Academy Award-Nominated Film is an Insightful Essay on Race Relations in America

Alan Suemori
Special to The Hawai‘i Herald

In 1979, the great American writer James Baldwin sent a short letter to his literary agent Jay Acton, outlining an ambitious project that would require the author to undertake a long-delayed journey back into his anguished past. Baldwin, who was at the nadir of a brilliant literary career at the time, intended to write a book about three of his friends: Medgar Evers, Malcolm X, and Dr. Martin Luther King Jr. — all of whom had been assassinated before they had reached the age of 40. It was his hope that by exploring their lives and deaths, side-by-side, he would begin to understand more clearly the Gordian knot of race relations in America. Baldwin would pass away eight years later at the age of 63 from stomach cancer and finish only 30 pages of the book that had long haunted him.

Baldwin’s unfinished elegy has always been one of literary America’s chimeras, along with F. Scott Fitzgerald’s “The Last Tycoon” and Ernest Hemingway’s “The Garden of Eden” — unkept promises that tease us with what might have been if their authors had lived long enough to fulfill their possibilities.

In 2008, the Haitian-born movie director Raoul Peck, whose love for Baldwin’s work stretched back to his youth, began his odyssey to turn the author’s words into film. Peck would use Baldwin’s unrealized dream to weave together the disparate strands of his next movie. Peck, who has given us such remarkable works as “Lumumba,” his earlier film about the short-lived rule of Patrice Lumumba in the Congo, has submitted his most mature and riveting effort yet with the 2017 Academy Award-nominated documentary, “I Am Not Your Negro.”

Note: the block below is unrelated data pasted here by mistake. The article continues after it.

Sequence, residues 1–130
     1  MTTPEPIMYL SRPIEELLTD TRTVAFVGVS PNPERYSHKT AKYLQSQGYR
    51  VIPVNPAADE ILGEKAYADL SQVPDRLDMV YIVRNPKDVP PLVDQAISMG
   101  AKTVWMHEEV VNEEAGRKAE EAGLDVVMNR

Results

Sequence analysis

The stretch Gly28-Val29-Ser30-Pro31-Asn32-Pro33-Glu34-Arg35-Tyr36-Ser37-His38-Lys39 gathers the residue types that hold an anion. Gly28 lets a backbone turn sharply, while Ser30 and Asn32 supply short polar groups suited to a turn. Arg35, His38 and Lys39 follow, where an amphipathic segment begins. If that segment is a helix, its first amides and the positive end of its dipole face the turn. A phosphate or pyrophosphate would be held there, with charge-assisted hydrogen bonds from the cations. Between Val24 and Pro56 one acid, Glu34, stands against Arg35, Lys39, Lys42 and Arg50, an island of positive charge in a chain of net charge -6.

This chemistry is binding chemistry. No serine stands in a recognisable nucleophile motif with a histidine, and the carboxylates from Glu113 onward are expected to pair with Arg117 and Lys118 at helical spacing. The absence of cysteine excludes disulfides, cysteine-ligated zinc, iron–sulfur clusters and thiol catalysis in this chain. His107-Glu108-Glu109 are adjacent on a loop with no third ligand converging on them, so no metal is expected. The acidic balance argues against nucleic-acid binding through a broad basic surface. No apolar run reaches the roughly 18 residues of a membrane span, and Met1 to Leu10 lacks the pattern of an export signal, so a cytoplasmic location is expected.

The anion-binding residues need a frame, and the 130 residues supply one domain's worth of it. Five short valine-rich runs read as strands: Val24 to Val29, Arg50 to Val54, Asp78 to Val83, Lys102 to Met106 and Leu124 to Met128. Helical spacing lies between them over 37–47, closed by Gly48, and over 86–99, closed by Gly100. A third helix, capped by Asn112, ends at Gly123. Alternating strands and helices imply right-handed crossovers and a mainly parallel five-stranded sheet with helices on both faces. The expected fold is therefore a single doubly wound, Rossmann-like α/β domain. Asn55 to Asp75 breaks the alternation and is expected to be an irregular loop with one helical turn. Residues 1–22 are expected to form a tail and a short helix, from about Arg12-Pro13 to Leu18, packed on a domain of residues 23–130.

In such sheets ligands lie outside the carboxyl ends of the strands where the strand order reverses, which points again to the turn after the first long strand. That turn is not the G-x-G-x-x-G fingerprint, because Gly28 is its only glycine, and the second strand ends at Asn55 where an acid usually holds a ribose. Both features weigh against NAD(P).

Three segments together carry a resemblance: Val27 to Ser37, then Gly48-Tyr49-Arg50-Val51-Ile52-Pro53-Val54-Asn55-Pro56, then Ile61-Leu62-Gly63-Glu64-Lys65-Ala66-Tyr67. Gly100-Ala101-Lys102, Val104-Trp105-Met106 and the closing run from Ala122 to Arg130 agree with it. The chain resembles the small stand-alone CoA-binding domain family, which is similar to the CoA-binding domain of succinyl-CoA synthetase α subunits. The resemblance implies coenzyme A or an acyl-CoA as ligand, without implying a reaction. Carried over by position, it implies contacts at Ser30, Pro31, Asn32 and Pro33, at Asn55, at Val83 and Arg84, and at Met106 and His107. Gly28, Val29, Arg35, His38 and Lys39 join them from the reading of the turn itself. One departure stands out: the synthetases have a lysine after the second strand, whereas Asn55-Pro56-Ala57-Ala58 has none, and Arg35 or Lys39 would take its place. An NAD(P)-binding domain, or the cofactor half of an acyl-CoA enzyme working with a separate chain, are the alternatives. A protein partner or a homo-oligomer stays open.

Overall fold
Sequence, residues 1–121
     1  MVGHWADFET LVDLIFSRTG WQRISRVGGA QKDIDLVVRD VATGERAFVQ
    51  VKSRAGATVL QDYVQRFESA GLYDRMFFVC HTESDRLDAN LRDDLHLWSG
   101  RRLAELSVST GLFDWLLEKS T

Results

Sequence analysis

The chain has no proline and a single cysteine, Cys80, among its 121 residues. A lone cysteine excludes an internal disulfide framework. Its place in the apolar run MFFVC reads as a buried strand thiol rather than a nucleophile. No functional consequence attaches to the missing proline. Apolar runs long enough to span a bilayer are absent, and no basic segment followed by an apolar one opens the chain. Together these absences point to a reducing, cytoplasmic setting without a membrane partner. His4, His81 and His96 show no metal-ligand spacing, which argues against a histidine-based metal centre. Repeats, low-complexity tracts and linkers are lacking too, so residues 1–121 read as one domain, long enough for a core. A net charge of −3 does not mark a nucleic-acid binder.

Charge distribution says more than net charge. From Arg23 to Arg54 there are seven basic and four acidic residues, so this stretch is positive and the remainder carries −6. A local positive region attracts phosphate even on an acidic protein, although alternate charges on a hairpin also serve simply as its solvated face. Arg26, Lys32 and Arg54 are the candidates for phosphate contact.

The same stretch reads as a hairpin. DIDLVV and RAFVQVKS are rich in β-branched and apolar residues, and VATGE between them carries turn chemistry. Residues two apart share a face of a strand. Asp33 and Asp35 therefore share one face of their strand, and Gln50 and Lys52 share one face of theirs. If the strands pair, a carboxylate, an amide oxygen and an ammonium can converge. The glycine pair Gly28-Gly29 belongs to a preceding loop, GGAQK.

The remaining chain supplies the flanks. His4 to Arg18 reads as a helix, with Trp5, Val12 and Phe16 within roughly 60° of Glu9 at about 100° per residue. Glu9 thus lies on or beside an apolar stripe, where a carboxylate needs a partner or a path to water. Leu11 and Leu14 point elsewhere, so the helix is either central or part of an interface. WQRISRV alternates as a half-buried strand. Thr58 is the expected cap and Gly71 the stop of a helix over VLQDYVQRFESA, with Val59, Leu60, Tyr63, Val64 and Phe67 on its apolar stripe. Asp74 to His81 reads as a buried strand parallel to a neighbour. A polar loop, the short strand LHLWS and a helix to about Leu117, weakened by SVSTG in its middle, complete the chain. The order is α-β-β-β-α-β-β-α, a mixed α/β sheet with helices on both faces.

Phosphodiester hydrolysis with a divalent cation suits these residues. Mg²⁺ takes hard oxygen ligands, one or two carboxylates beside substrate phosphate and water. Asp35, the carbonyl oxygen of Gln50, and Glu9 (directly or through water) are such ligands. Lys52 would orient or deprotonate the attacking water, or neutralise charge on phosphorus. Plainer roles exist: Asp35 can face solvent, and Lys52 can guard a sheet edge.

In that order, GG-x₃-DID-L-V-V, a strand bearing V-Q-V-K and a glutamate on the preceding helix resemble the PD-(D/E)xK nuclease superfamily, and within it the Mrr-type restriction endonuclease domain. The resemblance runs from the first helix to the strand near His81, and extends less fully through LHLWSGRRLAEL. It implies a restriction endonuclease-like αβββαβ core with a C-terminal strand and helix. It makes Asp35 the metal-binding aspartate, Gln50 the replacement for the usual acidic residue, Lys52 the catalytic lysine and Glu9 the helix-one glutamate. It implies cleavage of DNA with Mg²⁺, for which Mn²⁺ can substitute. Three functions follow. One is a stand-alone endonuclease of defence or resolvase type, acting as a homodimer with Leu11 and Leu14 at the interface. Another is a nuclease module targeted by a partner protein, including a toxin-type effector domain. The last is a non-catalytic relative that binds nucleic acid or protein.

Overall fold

Using Baldwin’s 30-page manuscript as a jumping off point, Peck interweaves personal interviews, feature film clips, archival photographs and popular culture television shows with additional excerpts from the author’s other writings to create an unsparing film filled with revelation and heartbreak that never takes a wrong turn. What makes “I Am Not Your Negro” so satisfying is that Peck goes beyond the usual carnival of academicians and Greek chorus voices to craft a documentary that is instead personal, human and utterly original. Using actor Samuel L. Jackson as the voice of Baldwin’s inner world, Peck employs only the author’s words to inform the entire narrative of his film.

Born in New York City in 1924, Baldwin grew up amidst a vibrant flowering of African American music, writing and performing arts. The Harlem Renaissance featured world-class artists such as novelist Zora Neale Thurston and poet Langston Hughes, who would expose Baldwin to the beauty and power of a rich and dynamic culture that percolated all around him. Nurtured and encouraged by Orilla Miller, a white school teacher, he would ultimately go on to produce novels, plays, short stories, literary criticism and political essays that would eventually catapult the young writer to the forefront of the burgeoning civil rights movement that was cresting in the late ‘50s and ‘60s.

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Alan Suemori teaches Asian American history at ‘Iolani School. He is a former Hawai’i Herald staff writer.


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